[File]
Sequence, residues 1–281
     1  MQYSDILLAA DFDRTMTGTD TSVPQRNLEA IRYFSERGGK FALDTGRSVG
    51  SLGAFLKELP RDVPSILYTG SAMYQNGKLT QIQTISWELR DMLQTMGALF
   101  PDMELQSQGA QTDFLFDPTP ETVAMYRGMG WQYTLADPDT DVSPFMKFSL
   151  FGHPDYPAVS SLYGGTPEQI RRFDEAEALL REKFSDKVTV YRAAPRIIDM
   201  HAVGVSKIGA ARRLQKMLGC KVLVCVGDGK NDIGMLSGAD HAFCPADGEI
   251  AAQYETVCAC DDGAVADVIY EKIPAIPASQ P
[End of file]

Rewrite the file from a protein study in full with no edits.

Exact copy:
Sequence, residues 1–281
     1  MQYSDILLAA DFDRTMTGTD TSVPQRNLEA IRYFSERGGK FALDTGRSVG
    51  SLGAFLKELP RDVPSILYTG SAMYQNGKLT QIQTISWELR DMLQTMGALF
   101  PDMELQSQGA QTDFLFDPTP ETVAMYRGMG WQYTLADPDT DVSPFMKFSL
   151  FGHPDYPAVS SLYGGTPEQI RRFDEAEALL REKFSDKVTV YRAAPRIIDM
   201  HAVGVSKIGA ARRLQKMLGC KVLVCVGDGK NDIGMLSGAD HAFCPADGEI
   251  AAQYETVCAC DDGAVADVIY EKIPAIPASQ P